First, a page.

41. 2 points
    It's actually not bad; tastes like beer, looks nothing like beer !! And makes for an interesting conversation picture... Gordon.
  42. 2 points
    Martin Lewis has a website with very good instructions... http://skyinspector.co.uk/atm-dispersion-corrector--adc
  43. 2 points
    You should be able to get KStars to slew to the object in question, then plate solve to find out exactly where you're looking. KStars should then slew to the right place. Further solves (if required) should get you spot on. At least that's how I understand it. I haven't quite got it working yet but hope to next time we have a clear night without the moon shining straight down the spout! If you start with the mount set to point to Polaris roughly, KStars should do the rest. Yes, I have an observatory with fixed mount. I stuck an "N" on the mount to show north. The second slewing position is obvious. I do have a GEM though and know nothing about A-Z mounts.
  44. 2 points
    I work for a South African company, and they're forever "sure, let's make a plan" . Which I've learned to roughly translate as "not now" .
  45. 2 points
    If it was supposed to be so damaging, I'm surprised no one has bothered to keep an eye on it after its discovery. But I guess we should at least be encouraged by the fact that they can't find it in the dangerzone.
  46. 2 points
    I can confirm that the v3 handset also works, though at Stu says both handsets need the SynScan AZ cable and not the normal cable shipped with EQ mounts. The cheaper Skywatcher cable works as well but isn't as nice as the one linked to by Stu. I have used an ED100 on mine but it needed mounting on an HEQ5 tripod and pier extension which somewhat defeated the point of the mount. It is now restricted to a WO ZS66SD a humble ST102 or Lunt LS60DS. Ade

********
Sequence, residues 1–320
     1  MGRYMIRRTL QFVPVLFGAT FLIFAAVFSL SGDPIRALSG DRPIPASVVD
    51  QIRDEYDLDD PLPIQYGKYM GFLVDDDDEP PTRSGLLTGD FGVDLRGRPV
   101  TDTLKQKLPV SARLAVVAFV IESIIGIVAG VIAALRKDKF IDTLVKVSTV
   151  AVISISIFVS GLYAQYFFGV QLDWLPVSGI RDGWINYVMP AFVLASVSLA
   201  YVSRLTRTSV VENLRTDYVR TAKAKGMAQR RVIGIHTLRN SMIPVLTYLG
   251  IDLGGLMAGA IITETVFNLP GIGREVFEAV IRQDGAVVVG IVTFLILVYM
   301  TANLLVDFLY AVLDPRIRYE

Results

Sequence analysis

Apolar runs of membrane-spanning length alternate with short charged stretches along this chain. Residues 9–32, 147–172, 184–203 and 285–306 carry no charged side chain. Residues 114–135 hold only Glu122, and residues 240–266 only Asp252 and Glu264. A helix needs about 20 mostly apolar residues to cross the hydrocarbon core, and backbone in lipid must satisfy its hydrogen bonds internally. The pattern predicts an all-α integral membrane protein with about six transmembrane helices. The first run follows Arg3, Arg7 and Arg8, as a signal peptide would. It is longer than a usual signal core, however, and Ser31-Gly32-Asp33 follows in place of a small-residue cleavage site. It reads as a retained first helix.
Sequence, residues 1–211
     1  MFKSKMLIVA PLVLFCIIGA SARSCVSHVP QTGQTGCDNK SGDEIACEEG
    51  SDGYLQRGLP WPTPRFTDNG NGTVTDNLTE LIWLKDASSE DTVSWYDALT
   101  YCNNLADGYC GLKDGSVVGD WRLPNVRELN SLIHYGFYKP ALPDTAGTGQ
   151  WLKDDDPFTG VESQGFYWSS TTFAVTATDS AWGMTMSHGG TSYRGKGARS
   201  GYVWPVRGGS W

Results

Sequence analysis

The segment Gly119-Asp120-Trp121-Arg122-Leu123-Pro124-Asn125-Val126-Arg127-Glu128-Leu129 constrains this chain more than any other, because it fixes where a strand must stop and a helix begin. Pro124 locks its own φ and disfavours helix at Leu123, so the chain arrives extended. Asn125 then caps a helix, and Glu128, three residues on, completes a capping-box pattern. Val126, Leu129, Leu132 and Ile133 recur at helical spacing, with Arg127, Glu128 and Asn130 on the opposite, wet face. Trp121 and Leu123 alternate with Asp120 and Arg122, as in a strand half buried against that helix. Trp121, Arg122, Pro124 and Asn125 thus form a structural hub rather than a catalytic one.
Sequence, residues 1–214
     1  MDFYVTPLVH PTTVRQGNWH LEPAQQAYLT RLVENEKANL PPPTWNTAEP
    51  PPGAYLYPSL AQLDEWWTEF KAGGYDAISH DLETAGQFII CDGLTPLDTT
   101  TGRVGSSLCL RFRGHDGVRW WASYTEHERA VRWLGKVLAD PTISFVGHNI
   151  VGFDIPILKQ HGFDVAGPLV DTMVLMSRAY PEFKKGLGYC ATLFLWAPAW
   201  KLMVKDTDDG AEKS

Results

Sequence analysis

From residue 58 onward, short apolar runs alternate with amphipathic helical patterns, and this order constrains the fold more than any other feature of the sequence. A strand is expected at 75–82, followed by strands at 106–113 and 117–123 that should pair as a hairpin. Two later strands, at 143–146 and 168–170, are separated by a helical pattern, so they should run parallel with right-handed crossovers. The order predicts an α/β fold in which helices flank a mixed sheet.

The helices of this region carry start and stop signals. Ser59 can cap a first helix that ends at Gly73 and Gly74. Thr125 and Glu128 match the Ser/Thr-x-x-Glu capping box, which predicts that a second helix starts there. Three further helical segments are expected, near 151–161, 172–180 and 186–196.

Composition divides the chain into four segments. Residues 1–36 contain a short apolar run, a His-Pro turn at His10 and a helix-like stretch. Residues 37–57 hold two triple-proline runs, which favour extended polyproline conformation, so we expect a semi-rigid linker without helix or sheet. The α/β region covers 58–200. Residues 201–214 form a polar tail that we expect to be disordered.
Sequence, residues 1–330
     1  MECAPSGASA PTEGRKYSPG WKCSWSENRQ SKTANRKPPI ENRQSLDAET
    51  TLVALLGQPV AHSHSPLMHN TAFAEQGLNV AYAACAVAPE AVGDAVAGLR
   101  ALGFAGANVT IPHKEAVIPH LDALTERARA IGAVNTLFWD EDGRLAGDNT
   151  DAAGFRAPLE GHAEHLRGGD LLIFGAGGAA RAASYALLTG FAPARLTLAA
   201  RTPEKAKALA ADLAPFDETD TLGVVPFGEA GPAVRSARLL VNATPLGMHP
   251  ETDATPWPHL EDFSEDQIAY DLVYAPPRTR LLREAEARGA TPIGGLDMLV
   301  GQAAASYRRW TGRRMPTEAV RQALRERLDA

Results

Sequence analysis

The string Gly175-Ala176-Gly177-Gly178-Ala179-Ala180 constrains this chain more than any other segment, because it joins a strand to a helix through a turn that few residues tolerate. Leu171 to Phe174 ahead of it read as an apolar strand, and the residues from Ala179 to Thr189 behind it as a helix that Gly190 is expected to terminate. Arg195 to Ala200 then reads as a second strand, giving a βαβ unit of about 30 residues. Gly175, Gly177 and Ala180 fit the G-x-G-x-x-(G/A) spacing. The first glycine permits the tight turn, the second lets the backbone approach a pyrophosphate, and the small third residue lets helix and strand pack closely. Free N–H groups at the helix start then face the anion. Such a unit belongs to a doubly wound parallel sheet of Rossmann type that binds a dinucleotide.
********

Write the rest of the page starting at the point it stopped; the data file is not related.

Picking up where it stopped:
47. 2 points
    On targets that emit O-III lines, they are really effective. The Veil and Owl nebulae spring to mind but there are a number of others as well. The difference that an O-III filter can make has noticably more impact than a UHC filter on such objects. I've owned both the Baader O-III and an Astronomik O-III and much preferred the latter. The Baader is decent quality but it's band pass is quite a bit narrower than the Astronomik which, for me, resulted in dimming of background stars more than I wanted. This characteristic also means that the Baader is not effective with smaller aperture scopes whereas the Astronomik O-III most certainly is. The illustration below of the impact of a good O-III filter under a dark sky is not exaggerated in my experience:
  48. 2 points
    Hi, Wow, there really are some nice photos on this thread, definitely worth reading! These were a couple of quick shots from Monday "morning", Saturn with the NEQ6 and ASI120MC. 1. Saturn from a video of around 15k frames, with 2x (dreadful) barlow. Its a small image, really I could do with getting a decent quality 3x for this kind of stuff, still using the one that came with the explorer 130! 2. Again with the Barlow, this time a single 5 sec exposure to show Saturn's moons: (L) Dione, (R) Tethys, just under the planet is Rhea, and under that is Titan. I was able to see all four visually with the 6mm eyepiece, although it was a bit of a struggle. I purposely didnt look at the position of the moons beforehand, its so easy to imagine faint dots! Clear skies! John
  49. 2 points
    North America Nebula taken on the 1st Jul and processed just now Taken with Canon 550d modified with 300mm lens , mounted on SA i freaking love the SA but even more so the canon 300mm f4 Lens!!!!!!
  50. 2 points
    Hi all, Some feedback on the Baader 4,5 nm O3 filter; I like it a lot! It is a very nice match to my Astrodon 5nm h-alpha filter. The stars are very similar in shape and size, which will allow me to make some nice bi-colour images. If I may give one small point of criticism; there are again some halos noticeable (remember the old 8,5nm O3 filter) around very bright stars. It could be something else in my imaging train, not 100% sure yet... But overall I am happy with this purchase. It will be a return for me to colour imaging after shooting b&w for a long time. Here is the first light; a quick and dirty bicolour on NGC7000. Scope was my 10" newton, exposure was 2 hours in HA and 2 hours in O3. Colours mixed as HA:O3:O3. Thanks, Regards, Pieter